Saturday, October 23, 2010

How To Recognize Moth Damage in Your Handmade Rugs and Kilims


Moths present one of the most damaging, persistent, and costly dangers that exist for any woolen textiles, including, of course, rugs and kilims.  One of the most important pieces of advice I have for any client who is concerned about preserving their handmade rugs is that she or he make a habit of examining their rugs and kilims at least once every six months to make sure that moths have not been feeding on them.  Above is a picture of a carpet that has been eaten by moths.  Note how moth damage resembles a carving out of part of the pile of the rug.  Obviously, the longer you allow moths to feed on your rugs, the larger the "carvings" will be.  If you notice similar damage to your rugs, I highly recommend (1) immediately separating the rug from all other woolen rugs, kilims, and other woolen textiles; and (2) consulting a professional rug cleaner to remove all moths and/or moth larvae.  And while there is no way to completely eliminate the risk of moth damage, taking simple precautions can go a long way - periodically professionally cleaning your rugs and making a habit of looking for signs of moths at least every six months or so can help guard against what could be a sad and costly discovery of moth damage to a beautiful handmade rug -- www.traditionalrugrepair.com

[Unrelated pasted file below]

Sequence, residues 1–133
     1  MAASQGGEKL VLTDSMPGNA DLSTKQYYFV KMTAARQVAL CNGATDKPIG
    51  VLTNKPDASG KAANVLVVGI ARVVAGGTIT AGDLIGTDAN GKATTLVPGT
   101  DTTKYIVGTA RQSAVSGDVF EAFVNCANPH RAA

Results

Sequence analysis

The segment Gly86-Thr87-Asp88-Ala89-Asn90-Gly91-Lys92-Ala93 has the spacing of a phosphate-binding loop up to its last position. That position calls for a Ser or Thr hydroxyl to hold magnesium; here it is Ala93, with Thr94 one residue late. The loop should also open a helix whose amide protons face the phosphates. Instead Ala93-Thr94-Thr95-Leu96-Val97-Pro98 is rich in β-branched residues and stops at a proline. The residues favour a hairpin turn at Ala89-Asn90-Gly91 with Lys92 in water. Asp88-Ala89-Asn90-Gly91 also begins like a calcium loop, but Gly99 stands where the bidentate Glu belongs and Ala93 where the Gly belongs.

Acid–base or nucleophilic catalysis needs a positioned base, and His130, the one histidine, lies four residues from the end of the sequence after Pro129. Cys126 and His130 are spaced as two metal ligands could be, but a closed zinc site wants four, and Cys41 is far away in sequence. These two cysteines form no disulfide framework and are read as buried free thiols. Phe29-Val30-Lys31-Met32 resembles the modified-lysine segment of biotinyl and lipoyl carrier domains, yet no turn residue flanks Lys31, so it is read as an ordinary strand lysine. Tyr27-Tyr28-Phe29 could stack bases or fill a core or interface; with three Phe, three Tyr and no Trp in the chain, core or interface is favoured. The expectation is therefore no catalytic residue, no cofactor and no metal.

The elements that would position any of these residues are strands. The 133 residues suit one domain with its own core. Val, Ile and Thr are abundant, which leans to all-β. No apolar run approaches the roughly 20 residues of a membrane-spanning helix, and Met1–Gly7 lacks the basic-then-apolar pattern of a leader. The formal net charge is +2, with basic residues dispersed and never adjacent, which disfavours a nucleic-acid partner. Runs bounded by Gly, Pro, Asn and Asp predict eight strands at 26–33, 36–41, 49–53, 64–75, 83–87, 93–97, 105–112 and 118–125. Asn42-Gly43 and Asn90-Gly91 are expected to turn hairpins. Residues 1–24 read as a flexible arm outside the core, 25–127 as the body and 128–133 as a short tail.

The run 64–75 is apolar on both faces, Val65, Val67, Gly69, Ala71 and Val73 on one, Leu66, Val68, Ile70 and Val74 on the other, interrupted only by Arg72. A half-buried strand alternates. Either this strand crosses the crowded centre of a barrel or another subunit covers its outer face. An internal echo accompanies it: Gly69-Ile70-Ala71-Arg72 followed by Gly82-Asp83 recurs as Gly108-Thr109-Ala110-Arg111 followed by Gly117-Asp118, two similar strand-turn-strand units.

Sunday, October 3, 2010

Moroccan kilim restoration - repaired edges

I took a break from blogging, but have been busy on various kilim and rug repair and restoration projects!  I'll share a few with you in the coming days, but wanted to share the final result of the repaired selvedge (selvage) of the beautiful Moroccan kilim I worked on.  Note how the binding of the selvage matches the color of the weft and warp in the various horizontal sections.  Now that the selvage is repaired, the kilim will not unravel and can be used for a few more decades without worry.  -- www.traditionalrugrepair.com